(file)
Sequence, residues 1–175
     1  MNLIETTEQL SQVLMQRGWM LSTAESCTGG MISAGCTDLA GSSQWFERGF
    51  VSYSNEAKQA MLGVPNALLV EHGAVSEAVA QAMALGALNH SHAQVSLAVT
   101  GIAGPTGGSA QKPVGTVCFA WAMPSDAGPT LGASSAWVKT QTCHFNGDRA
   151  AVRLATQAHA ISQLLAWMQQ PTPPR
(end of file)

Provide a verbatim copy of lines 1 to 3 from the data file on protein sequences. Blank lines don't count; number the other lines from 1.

Sequence, residues 1–175
     1  MNLIETTEQL SQVLMQRGWM LSTAESCTGG MISAGCTDLA GSSQWFERGF
    51  VSYSNEAKQA MLGVPNALLV EHGAVSEAVA QAMALGALNH SHAQVSLAVT